Accountable, auditable, compliant – across the collaborative development lifecycle
Added Thursday 24 August 2017
Su Ross of SyntheSys Systems Engineers Limited explains some of the challenges involved in managing today’s more complex and collaborative development lifecycles.
While the engineering lifecycle, as applied to both software and systems projects, has remained fairly stable for many years, recent trends show a clear shift towards a collaborative lifecycle. The promise is that by making development and process data available to all relevant parties and adding workflow control, projects are accelerated and product quality improved.
However, managing large distributed teams, internally and on the customer’s side, all inputting to the project, raises its own challenges. Imagine trying to manage a product development project that has dozens, even hundreds, of stakeholders. What’s more, these professionals are scattered across different time zones on different continents. And they’re working on multiple projects, too.
At the same time, research reinforces the importance of retaining control of evolving requirements:
- Error detection in the maintenance phase can cost up to 200 times more than detection early in requirement analysis phase
- More than 40% of development budget can be consumed by poor requirements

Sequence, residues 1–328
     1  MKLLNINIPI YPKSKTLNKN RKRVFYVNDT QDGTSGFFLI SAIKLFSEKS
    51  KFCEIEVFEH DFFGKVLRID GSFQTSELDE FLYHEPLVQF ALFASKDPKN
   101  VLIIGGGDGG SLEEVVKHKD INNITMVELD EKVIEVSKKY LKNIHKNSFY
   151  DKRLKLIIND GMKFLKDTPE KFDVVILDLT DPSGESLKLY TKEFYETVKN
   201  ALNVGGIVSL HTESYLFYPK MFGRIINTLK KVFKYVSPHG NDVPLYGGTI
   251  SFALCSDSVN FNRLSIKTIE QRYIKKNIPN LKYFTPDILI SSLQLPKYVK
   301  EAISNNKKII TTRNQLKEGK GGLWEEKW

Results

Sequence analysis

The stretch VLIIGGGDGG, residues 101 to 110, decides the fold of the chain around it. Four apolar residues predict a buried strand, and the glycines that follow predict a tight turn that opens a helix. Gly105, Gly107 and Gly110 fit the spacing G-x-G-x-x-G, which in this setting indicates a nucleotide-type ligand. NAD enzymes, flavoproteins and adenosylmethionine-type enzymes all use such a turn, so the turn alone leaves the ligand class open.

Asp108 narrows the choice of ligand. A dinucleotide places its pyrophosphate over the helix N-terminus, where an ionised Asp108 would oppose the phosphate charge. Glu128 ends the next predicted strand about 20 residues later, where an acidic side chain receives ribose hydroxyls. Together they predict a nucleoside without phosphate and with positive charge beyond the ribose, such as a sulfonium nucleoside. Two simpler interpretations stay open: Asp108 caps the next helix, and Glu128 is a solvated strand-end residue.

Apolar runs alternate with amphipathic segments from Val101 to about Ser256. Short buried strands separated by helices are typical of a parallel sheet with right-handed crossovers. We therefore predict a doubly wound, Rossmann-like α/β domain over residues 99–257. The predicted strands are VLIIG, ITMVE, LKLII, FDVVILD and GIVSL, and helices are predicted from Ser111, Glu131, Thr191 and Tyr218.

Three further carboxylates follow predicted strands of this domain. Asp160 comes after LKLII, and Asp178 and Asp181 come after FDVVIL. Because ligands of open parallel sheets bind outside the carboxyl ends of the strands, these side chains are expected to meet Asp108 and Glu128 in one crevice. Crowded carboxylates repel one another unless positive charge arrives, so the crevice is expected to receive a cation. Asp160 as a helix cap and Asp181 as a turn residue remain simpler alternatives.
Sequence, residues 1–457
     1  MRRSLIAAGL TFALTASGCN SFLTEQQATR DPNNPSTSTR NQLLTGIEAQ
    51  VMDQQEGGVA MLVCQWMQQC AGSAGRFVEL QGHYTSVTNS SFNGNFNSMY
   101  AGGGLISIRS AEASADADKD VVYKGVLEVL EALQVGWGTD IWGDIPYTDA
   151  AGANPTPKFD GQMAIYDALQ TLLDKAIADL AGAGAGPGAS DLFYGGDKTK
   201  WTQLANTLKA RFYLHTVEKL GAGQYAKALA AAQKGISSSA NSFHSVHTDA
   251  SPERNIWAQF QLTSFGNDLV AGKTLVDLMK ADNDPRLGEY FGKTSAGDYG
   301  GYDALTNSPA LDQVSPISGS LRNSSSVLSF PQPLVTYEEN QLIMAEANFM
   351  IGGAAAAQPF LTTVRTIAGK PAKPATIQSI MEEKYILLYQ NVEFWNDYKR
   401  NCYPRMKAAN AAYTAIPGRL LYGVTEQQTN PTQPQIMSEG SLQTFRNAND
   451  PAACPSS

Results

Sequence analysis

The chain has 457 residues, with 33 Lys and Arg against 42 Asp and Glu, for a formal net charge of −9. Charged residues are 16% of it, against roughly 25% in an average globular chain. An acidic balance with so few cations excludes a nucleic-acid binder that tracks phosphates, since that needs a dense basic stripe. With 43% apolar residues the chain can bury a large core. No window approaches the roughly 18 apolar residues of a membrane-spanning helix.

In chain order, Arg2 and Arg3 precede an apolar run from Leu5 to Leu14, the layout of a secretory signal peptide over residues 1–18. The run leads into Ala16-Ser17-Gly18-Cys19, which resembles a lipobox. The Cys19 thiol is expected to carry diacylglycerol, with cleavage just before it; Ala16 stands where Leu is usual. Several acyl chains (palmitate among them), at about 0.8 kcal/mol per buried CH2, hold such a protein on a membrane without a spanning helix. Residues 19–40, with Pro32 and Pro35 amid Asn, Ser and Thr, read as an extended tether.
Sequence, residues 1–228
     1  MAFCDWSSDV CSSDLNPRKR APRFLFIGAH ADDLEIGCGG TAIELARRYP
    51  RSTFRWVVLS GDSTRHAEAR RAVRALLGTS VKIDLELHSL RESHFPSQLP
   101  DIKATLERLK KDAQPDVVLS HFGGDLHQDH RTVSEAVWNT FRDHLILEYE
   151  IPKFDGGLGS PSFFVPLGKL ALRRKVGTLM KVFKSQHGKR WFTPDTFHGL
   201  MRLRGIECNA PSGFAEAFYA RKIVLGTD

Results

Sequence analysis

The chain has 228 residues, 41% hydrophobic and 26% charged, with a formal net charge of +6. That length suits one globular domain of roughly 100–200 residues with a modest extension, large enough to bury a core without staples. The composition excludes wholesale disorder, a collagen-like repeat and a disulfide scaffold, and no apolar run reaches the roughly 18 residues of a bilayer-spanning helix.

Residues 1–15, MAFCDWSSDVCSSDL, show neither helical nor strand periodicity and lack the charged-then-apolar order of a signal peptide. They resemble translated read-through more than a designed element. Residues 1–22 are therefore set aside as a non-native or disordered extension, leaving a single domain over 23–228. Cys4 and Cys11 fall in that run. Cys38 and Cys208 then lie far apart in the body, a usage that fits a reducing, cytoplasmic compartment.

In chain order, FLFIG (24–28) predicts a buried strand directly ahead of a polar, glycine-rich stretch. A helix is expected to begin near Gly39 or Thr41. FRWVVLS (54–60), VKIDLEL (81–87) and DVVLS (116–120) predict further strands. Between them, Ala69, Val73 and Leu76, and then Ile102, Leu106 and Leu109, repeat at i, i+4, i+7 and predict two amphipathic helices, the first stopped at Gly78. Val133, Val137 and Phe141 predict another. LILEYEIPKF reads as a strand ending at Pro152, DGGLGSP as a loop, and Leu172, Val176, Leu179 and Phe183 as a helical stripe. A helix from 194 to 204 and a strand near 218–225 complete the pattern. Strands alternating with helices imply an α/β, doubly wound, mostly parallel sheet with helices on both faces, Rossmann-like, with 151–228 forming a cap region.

- Being late to market by 6 months or more will cost organisations 33% of the 5-year ROI
Let’s explore some must-haves…
Can stakeholders believe what they see?
Even the simplest project will have many stakeholders: the core developers, the QA team, testing, the customer’s team…
Those working on collaborative projects must have a centralised, trusted source of the truth, with all stakeholders accessing the same information with a single, up-to-the-minute view of the project, wherever they are located: within the same office or on opposite sides of the planet.
Does control lie in the right hands?
‘Super users’, such as project leads, need to be able to spot anomalies instantly before they can damage quality, compliance, timescales or cost. They need a precise, detailed record, with changes logged with by name and time, so that they can verify changes, query anything that doesn’t make sense, and, if necessary, turn the clock back to before the change.
Project leads must be empowered to view and edit change. In contrast, while you may be happy for the customer to view progress, you probably wouldn't want them interfering directly in the development process!
Uncontrolled change soon sends costs escalating and blows the product development budget. The potential extra costs incurred in making a change need to be visible and negotiated with the customer, rather than accepted without debate.
Can you reproduce success?
Developing products is an expensive business. If you can build on best practice by transferring the details of a component developed on one project to a project, this saves significant time, money and energy.
It’s virtually impossible to capture, trace, analyse and manage requirements in this way using generic Office applications, such as Microsoft Word or Excel. Complex scenarios will soon push these tools beyond their limits. Why not visit the SyntheSys stand at the Advanced Engineering show at the NEC on 1st - 2nd November to discuss the alternatives?
In the meantime, an IBM white paper ‘Ditch the Documents and Spreadsheets’ makes interesting reading in outlining ways to cut development costs while accelerating time to market.